p. 173

Austin's  contemptuous  treatment  of  the  alternatives  to  the  common  usage  of  words,  and  his defamation of what we "think up in our armchairs of an afternoon"; Wittgenstein's assurance that philosophy “leaves everything as it is" - such statements exhibit, to my mind, academic sado-masochism, self-humiliation, and self-denunciation of the intellectual whose labor does not issue in  scientific,  technical  or  like  achievements.  These  affirmations  of  modesty  and  dependence seem to recapture Hume's mood of righteous contentment with the limitations of reason which, once  recognized  and  accepted,  protect  man  from  useless  mental  adventures  but  leave  him perfect1y  capable  of  orienting  himself  in  the  given  environment.  However,  when  Hume debunked  substances,  he  fought  a  powerful  ideology,  while  his  successors  today  provide  an intellectual  justification  for  that  which  society  has  long  since  accomplished-namely,  the defamation  of  alternative  modes  of  thought  which  contradict  the  established  universe  of discourse.

p. 175-8

Paying respect to the prevailing variety of meanings and usages, to the power and common sense of  ordinary  speech,  while  blocking  (as  extraneous  material)  analysis  of  what  this  speech  says
about the society that speaks it, linguistic philosophy suppresses once more what is continually suppressed  in  this  universe  of  discourse  and  behavior.  The  authority  of  philosophy  gives  its blessing to the forces which make this universe. Linguistic analysis abstracts from what ordinary language reveals in speaking as it does-the mutilation of man and nature.

Moreover, all too often it is not even the ordinary language which guides the analysis, but rather blown-up atoms of language, silly scraps of speech that sound like baby talk such as "This looks to me  now  like  a  man  eating  poppies,"  "He  saw  a  robin",  "I  gad  a  hat."  Wittgenstein  devotes much  acumen  and  spare  to  the  analysis  of  "My  broom  is  in  the  corner."  I  quote,  as  a representative example, an analysis from J. L. Austin's "Other Minds":
“Two rather different ways of being hesitant may be distinguished. (a) Let us take the case where we  are  tasting  a  certain  taste.  We  may  say  I  simply  don't  know  what  it  is:  I've  never  tasted anything remotely like it before ... No, it's no use: the more I think about it the more confused I get: it's perfectly distinct and perfectly distinctive, quite unique in my experience! This illustrates the case where I can find nothing in my past experience with which to compare the current case: I'm certain it's not appreciably like anything I ever tasted before, not sufficiently like anything I know to merit the same description. This case, though distinguish- able enough, shades off into the more common type of case where I'm not quite certain, or only fairly certain, or practically certain, that  it's the taste of, say,  laurel. In all  such cases, I am  endeavouring to recognize the current item by searching in my vast experience for something like it, some likeness in virtue of which it deserves, more or less positively, to be described by the same descriptive word, and I am  meeting  with  varying  degrees  of  success.  (b)  The  other  case  is  different,  though  it  very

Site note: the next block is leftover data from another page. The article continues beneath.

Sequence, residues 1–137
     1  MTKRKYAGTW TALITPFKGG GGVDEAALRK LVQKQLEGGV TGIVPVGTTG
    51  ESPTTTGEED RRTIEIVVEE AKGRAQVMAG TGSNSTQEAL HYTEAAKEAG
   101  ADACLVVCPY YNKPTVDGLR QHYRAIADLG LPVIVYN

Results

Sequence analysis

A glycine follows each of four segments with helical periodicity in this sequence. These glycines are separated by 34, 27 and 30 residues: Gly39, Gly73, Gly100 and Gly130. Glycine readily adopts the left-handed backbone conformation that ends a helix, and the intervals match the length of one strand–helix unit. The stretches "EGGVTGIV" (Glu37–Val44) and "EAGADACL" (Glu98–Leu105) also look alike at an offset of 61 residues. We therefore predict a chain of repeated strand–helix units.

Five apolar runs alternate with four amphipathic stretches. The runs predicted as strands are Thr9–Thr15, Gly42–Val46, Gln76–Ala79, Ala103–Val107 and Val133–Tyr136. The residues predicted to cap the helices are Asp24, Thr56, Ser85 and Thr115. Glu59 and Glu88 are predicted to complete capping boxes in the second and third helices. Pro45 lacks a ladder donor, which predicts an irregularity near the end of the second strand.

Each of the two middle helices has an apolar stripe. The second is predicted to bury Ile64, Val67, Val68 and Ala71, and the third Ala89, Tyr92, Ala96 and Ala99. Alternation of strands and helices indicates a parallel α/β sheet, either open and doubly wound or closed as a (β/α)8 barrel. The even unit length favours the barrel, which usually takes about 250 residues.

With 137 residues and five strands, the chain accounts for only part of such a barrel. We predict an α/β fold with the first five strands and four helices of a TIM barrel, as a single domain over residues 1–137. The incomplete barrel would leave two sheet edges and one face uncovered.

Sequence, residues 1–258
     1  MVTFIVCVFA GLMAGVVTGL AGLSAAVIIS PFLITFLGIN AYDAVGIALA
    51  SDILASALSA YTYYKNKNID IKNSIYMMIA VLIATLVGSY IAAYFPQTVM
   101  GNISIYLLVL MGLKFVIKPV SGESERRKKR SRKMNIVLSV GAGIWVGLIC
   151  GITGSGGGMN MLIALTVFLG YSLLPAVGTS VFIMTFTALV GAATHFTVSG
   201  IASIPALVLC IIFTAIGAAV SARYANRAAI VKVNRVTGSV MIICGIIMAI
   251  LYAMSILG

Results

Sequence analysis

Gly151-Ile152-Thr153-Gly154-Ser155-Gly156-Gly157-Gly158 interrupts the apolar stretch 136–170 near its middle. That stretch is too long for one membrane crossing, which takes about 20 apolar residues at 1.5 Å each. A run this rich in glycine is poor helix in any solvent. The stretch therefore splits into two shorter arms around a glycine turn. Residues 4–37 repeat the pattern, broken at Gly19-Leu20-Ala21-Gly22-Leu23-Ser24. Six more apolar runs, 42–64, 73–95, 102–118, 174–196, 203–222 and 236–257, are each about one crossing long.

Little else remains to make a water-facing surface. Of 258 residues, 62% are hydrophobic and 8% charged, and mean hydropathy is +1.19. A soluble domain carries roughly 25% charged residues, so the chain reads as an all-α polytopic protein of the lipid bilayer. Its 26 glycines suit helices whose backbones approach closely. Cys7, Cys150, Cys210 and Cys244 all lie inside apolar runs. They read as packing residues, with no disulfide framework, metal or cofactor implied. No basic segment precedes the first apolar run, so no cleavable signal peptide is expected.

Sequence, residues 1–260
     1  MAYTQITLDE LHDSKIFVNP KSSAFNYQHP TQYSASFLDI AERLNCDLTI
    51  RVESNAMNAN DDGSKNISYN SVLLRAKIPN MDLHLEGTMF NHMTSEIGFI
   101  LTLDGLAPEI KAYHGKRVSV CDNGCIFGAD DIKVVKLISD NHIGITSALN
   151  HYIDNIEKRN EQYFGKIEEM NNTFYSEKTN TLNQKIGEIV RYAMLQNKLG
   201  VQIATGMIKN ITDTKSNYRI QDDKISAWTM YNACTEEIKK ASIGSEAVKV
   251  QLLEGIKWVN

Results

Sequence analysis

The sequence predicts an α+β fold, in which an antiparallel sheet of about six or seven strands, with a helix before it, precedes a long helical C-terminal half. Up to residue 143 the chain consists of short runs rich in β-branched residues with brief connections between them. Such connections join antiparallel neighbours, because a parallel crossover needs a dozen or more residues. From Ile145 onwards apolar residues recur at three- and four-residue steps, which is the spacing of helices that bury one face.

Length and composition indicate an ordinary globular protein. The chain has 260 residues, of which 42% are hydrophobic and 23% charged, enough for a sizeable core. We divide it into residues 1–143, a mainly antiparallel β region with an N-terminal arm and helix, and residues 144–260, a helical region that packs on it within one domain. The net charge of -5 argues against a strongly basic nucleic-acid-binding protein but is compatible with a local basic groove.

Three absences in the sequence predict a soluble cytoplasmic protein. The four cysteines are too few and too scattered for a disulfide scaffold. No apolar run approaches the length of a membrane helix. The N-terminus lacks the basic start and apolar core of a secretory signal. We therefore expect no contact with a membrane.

naturally combines itself with the first. Here, what I try to do is to savour the current experience, to peer at it, to sense it vividly. I'm not sure it is the taste of pineapple: isn't there perhaps just something about it, a tang, a bite, a lack of bite, a cloying sensation, which isn't quite  light for pineapple?  Isn't  there  perhaps  just  a  peculiar  hint  of  green,  which  would  rule  out  mauve  and would hardly do for heliotrope? Or perhaps it is faintly odd: I must look more intently, scan it over  and  over:  maybe  just  possibly  there  is  a  suggestion  of  an  unnatural  shimmer,  so  that  it doesn't look quite  like ordinary water. There  is  a  lack of  sharpness  in  what we actually  sense, which  is  to  be  cured  not,  or  not  merely,  by  thinking,  but  by  acuter  discernment,  by  sensory discrimination (though it is of course true that thinking of other, and more pronounced, cases in our Fast experience can and does assist our powers of discrimination).”